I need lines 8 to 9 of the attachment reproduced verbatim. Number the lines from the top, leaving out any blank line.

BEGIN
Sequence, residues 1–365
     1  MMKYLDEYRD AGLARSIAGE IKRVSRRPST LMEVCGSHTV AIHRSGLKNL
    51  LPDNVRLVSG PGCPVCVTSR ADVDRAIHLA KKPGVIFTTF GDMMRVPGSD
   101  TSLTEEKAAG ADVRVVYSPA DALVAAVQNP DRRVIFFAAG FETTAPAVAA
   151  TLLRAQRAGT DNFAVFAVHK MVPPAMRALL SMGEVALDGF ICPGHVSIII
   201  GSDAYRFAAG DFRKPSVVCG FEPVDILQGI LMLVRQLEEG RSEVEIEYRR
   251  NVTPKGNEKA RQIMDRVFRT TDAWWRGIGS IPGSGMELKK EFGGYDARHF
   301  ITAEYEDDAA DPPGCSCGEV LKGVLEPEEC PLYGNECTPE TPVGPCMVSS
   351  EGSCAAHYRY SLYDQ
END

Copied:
   301  ITAEYEDDAA DPPGCSCGEV LKGVLEPEEC PLYGNECTPE TPVGPCMVSS
   351  EGSCAAHYRY SLYDQ